Glimour has been doing some engine testing. Short firing at 45 kN, 64% of full thrust at 70 kN.

https://www.gspacetech.com/single-post/2018/01/PR/Gilmour-Space-achieves-45kN-of-thrust-in-first-test

Gilmour Space Fires Up 45,000 Newtons Of Thrust In First Low-Pressure Test Of Hybrid Rocket Engine

January 4, 2018

MEDIA RELEASE:

Results exceed that of nearest small satellite launch competitors; 'More' expected from the rocket company's full-pressure, full-duration tests later this month.

JANUARY 4, 2018 -- Australia and Singapore-based rocket company, Gilmour Space Technologies (www.gspacetech.com), has fired up the first of its full-scale orbital engine tests in a staged program to launch small satellites to space by 2020.

​​“We conducted two successful engine tests in December, one of which was a low pressure test-fire that generated 45 kilonewtons (over 10,100 pounds-force) of thrust,” said its CEO and Founder, Adam Gilmour.

“This is significantly more thrust than some of our small satellite launch competitors’ main engines, and we expect to do much better in our full-pressure and full-duration test firings later this month." 

Since closing AUD 5 million (USD 3.7 million) in Series-A funding in mid 2017, the Queensland-based startup has been scaling up to offer low-cost launches to a growing number of small satellite players capitalising on 'New Space' or 'Space 2.0' -- from 24/7 constellation-based earth observation and communications, to satellite servicing, space mining and the Internet of Things.

Unlike most commercial rockets today that use either solid- or liquid-fuelled engines, Gilmour Space is pioneering a new breed of cheaper, safer and greener hybrid-engine rockets that combine a liquid oxidiser with a proprietary solid fuel that overcomes long-standing performance issues with traditional hybrid rockets.

In November, the company completed tests of its high-thrust 'interplanetary' CubeSat Propulsion System, which could be used to power cube-sized satellites or spacecraft to the orbit of the Moon or Mars; and in December, began ground tests of its orbital-class rocket engine.

“We started with a full-flow, mono-propellant thruster hot fire of our large catalyst pack," said Mr Gilmour. "This is a critical subsystem of our main orbital engine, and it efficiently decomposed our Hydrogen Peroxide oxidiser at a core temperature well above the ignition temperature of our fuel."

The second short-duration, low-pressure, full-flow engine test (video) further verified all critical subsystems of the orbital engine. “There was almost instant ignition in our large-diameter (46 cm) single port motor, and we generated over 45 kN of thrust,” he added. That's enough force to lift two SUVs off the ground.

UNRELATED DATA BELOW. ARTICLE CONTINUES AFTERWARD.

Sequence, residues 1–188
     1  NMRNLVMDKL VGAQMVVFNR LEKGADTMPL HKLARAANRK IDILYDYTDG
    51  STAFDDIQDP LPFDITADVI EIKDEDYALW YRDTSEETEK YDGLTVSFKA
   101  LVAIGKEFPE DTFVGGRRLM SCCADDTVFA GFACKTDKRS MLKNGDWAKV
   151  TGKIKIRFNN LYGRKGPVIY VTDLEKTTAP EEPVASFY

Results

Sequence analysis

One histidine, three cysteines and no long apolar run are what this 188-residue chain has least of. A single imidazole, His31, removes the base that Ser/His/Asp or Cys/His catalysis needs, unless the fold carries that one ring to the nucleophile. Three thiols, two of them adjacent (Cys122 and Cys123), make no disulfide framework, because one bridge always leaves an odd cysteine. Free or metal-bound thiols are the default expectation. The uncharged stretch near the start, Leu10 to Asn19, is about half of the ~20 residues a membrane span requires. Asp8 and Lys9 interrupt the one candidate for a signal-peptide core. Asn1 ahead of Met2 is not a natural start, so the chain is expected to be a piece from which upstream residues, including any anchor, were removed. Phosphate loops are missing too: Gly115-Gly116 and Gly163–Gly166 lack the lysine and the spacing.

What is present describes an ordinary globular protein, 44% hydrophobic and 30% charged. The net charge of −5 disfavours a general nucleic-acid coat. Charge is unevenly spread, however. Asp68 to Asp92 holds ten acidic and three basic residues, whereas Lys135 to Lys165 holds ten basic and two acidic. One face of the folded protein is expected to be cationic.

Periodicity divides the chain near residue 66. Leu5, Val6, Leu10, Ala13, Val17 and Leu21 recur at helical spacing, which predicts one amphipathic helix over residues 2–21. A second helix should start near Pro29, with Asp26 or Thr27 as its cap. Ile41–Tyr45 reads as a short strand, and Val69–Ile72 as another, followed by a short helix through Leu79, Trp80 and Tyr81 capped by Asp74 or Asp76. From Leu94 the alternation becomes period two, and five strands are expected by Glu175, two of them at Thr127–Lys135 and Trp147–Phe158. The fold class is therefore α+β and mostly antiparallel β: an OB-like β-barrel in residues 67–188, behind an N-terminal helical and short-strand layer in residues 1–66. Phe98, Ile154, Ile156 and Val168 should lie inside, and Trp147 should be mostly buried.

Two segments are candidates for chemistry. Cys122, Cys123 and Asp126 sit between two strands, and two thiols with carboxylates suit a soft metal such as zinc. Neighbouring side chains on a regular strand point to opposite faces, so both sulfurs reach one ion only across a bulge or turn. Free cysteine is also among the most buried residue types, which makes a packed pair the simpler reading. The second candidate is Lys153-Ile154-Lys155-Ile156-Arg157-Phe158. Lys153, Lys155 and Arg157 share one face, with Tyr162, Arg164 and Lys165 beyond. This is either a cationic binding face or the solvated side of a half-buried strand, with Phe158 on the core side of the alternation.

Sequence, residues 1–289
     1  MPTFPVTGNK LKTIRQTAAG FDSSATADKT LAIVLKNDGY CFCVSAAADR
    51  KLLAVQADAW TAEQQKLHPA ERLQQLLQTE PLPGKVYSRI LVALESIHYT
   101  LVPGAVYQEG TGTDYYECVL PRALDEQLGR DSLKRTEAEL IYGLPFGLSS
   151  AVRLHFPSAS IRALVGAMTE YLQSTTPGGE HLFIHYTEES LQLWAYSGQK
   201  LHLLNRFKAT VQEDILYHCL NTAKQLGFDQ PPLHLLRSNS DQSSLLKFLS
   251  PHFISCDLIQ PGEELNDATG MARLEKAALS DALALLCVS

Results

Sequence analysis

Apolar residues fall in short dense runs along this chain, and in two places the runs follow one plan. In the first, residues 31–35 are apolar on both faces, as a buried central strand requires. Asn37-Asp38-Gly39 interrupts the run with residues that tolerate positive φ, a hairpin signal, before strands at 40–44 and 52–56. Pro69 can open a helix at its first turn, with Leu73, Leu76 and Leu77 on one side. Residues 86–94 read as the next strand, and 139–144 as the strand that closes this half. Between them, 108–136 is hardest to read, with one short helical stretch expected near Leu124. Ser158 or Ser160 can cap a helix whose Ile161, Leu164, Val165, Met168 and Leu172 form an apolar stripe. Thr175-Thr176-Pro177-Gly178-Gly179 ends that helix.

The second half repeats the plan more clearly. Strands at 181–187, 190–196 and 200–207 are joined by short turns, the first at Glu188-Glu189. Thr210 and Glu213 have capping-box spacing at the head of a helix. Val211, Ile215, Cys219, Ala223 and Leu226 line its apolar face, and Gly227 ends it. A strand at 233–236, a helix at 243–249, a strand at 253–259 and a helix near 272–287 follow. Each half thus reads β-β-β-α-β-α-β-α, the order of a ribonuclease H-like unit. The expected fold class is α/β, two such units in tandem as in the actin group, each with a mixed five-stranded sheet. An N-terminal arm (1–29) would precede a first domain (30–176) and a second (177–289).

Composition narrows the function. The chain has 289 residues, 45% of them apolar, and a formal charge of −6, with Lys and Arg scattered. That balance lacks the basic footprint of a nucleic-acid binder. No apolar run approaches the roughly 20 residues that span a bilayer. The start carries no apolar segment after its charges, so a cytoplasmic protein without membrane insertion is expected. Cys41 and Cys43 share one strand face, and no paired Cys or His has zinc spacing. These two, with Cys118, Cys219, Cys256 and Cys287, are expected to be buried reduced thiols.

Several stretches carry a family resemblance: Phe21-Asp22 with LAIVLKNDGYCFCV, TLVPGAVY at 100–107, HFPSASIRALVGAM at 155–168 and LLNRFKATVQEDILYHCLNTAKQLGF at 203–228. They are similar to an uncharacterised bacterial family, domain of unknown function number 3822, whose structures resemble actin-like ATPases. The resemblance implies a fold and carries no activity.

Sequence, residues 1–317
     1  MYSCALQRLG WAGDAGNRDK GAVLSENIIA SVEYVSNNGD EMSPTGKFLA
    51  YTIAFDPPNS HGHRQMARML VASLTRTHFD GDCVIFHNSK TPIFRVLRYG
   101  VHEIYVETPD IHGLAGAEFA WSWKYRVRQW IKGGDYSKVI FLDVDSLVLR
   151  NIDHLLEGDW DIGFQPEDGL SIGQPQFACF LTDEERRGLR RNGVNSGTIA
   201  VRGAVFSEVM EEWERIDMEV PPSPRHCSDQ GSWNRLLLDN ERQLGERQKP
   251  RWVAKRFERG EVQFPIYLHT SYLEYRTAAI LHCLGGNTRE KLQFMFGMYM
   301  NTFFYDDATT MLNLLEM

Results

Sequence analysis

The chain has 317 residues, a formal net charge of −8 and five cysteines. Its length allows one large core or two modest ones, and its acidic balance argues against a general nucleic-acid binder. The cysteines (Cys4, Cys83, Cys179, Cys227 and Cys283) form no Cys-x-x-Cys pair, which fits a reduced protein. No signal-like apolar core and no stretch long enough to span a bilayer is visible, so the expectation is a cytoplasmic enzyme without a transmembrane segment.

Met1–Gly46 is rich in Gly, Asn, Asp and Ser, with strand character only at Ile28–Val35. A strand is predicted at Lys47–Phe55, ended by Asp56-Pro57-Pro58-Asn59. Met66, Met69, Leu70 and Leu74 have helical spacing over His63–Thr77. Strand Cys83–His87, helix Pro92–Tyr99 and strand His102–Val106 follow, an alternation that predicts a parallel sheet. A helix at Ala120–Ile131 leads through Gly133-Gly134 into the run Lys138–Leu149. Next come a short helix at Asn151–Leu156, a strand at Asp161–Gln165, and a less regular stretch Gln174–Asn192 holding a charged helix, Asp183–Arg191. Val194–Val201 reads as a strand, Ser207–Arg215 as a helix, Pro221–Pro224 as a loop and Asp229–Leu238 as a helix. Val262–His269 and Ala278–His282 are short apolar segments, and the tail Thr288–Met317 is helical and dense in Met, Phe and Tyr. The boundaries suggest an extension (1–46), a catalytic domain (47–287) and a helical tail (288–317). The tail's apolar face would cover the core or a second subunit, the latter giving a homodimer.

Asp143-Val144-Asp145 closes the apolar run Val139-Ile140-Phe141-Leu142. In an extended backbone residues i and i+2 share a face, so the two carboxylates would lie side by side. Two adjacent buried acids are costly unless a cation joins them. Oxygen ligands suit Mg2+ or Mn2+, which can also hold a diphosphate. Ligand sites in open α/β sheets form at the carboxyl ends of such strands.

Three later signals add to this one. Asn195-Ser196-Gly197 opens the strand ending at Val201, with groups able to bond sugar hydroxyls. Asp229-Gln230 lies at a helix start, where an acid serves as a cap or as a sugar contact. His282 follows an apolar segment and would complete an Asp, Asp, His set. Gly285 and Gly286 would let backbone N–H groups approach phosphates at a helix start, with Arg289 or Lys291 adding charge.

“These are big achievements in hybrid rocket technology and a big leap for Australia's New Space industry,” said Mr Gilmour, whose team is targeting to launch a suborbital test rocket from Australia in the second quarter of 2018, subject to regulatory approvals.

"Despite a growing number of rocket companies and startups look to enter the small launch market today, it is notable that only a handful have progressed to actually building, testing and launching a rocket that demonstrates their technology.”

“Gilmour Space is doing it; and if all goes well, our new engine could well be the largest and most powerful privately-funded hybrid rocket engine in the world."

Watch this space.

Akin's Laws of Spacecraft Design #1:  Engineering is done with numbers.  Analysis without numbers is only an opinion.

Offline QuantumG

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Re: Gilmour Space Technologies
« Reply #31 on: 01/04/2018 02:18 am »
Dunno how they think they're going to get 320 s vacuum isp with this engine, or any hybrid.
Human spaceflight is basically just LARPing now.

Online ringsider

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Re: Gilmour Space Technologies
« Reply #32 on: 01/05/2018 09:03 pm »
Glimour has been doing some engine testing. Short firing at 45 kN, 64% of full thrust at 70 kN.

https://www.gspacetech.com/single-post/2018/01/PR/Gilmour-Space-achieves-45kN-of-thrust-in-first-test

Gilmour Space Fires Up 45,000 Newtons Of Thrust In First Low-Pressure Test Of Hybrid Rocket Engine

January 4, 2018

MEDIA RELEASE:

Results exceed that of nearest small satellite launch competitors; 'More' expected from the rocket company's full-pressure, full-duration tests later this month.

JANUARY 4, 2018 -- Australia and Singapore-based rocket company, Gilmour Space Technologies (www.gspacetech.com), has fired up the first of its full-scale orbital engine tests in a staged program to launch small satellites to space by 2020.

​​“We conducted two successful engine tests in December, one of which was a low pressure test-fire that generated 45 kilonewtons (over 10,100 pounds-force) of thrust,” said its CEO and Founder, Adam Gilmour.

“This is significantly more thrust than some of our small satellite launch competitors’ main engines, and we expect to do much better in our full-pressure and full-duration test firings later this month."